MBA Clubs are one of the most important aspects of the MBA experience. They are an avenue to extracurricular activities which allow students to explore various interests and utilize talents they would not develop through academic education.
Clubs could fall in any one of several categories, with the main difference being a focus on either academic matters or social matters. These could be:
– Academic clubs
– Sports and recreation clubs
– Cultural clubs
– Community Service and social justice clubs
– Religious and spiritual clubs
Whichever way you go, MBA clubs and activities are essential because they put you in the company of peers with similar interests. Clubs have proved to be the root of crucial soft skills, key networks, and personal and career growth for many successful professionals.
Here is our detailed list of the 11 top benefits of joining MBA clubs and activities.
11 Benefits of Joining MBA Clubs and Activities
Personal and Soft Skills Development
Joining and staying active in MBA clubs and activities is a sure way to develop personal and soft skills useful in later years. When you join a club, you commit to participating in its activities. That means you have to manage your time well enough to free yourself when there are club activities and learn to set priorities considering time is a limited resource.
Soft skills like teamwork and communication are essential in the workplace, and clubs are often the first place students learn to work as team members towards a common goal.
Other soft skills could be:
– Problem solving
– Public Speaking
– Analytical thinking
You don’t have to sit in an interview panel to know that MBA clubs brighten a resume.
A resume that shows that you were an active member of clubs at your institution sends strong, though implicit messages about your personality. It tells a potential employer a lot about you socially. You are a strong team player and are capable of handling more than one task at a time. Considering that joining clubs is voluntary, it also reveals that you are a self-propelling, ambitious individual.
If the potential employer values these traits highly, such details could very well place you ahead of candidates who scored higher grades.
Networking has become a buzzword in the corporate world, usually synonymous with cocktails, dinners, and conferences. It refers to exchanging ideas or information among people in a standard line of work or common goals.
While networking is often emphasized after securing employment, MBA clubs and activities in grad school teach you that this should begin long before landing a job.
Coaches and Mentors
If it is an academic-based club such as a Business Students Club, membership gives you access to career advice and support. Events organized by the club could connect you to professional coaches and mentors working in the industry.
Long-term career connections
It may seem like a lifetime away, but one day you and your classmates will be old- dogs in the industry. It is no surprise that many CEOs of large corporates prefer to do business with an old colleague from grad school rather than a complete stranger.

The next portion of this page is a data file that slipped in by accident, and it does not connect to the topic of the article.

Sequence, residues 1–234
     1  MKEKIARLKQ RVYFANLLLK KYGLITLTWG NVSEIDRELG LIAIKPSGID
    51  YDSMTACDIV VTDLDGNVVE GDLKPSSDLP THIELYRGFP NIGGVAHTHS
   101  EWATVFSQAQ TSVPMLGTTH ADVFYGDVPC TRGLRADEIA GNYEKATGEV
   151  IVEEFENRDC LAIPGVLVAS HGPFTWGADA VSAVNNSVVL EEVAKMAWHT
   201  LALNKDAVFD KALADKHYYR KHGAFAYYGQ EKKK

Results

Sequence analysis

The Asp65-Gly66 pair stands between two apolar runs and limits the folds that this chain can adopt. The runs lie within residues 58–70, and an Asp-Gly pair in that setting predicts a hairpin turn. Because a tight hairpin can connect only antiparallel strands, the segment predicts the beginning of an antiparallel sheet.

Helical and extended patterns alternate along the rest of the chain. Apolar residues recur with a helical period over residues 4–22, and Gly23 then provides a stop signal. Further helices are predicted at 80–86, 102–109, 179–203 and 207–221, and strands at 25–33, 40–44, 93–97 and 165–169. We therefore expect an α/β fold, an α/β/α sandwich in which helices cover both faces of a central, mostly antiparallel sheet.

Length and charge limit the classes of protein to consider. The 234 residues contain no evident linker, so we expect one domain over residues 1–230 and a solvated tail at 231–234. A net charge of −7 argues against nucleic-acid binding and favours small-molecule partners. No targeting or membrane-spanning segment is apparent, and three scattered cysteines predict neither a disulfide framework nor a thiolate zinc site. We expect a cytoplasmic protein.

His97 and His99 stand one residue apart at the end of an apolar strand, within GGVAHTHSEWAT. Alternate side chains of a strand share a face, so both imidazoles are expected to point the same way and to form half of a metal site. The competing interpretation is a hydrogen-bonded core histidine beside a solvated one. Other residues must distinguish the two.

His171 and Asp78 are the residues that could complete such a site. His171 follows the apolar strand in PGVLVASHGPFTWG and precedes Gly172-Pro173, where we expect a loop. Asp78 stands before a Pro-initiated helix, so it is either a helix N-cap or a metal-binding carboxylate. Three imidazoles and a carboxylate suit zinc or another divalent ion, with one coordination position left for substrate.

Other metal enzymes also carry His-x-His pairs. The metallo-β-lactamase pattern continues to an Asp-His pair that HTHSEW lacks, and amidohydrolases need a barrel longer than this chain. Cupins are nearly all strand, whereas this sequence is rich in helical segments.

This is simply because they are assured that they are dealing with an individual with the required skills and ethics.
MBA Clubs: Experience
Many graduates struggle with the aspect of work experience. Employers ask for work experience, but where would a fresh graduate get work experience? The answer is in clubs.
Active participation exposes you to experiences and processes similar to what goes on in a corporate setting, albeit on a much smaller scale. If your club is organizing an event, for instance, you learn the basics of event planning. From administration, event marketing, financial management, and, very importantly, people management. All of which are skills required in planning an event of whatever nature.
If you take a leadership role in executing such club events and include it in your resume, it is a clear demonstration of leadership skills.
If you are a hopeless introvert, you know how hard it can be to mingle freely and confidently. It doesn’t come as naturally as it does to our extroverted friends. While there is a place for respecting individual personalities, it is essential to grow your social skills. If for nothing else, for the benefit of your soon-to-be thriving career.
Comfort Zone Exit
You don’t have to wait for life to yank you out of your comfort zone. You can orchestrate it yourself. If you struggle with Public Speaking, for instance, take the step and join Public Speaking Club. You can be sure they will not let you sit at the corner and watch as others hone their skills.
Cultural development is apparent if you are in a large institution with students from different parts of the world. Sitting in class with colleagues from different corners of the globe leaves little room for an appreciation of each of your cultural backgrounds.
Some cultural clubs we have come across include:
– Arab Cultural Club
– Irish-American Culture Society
– Latin American Student Organization
Such clubs typically organize Cultural Days, during which members showcase different aspects of their cultures, such as dressing and food.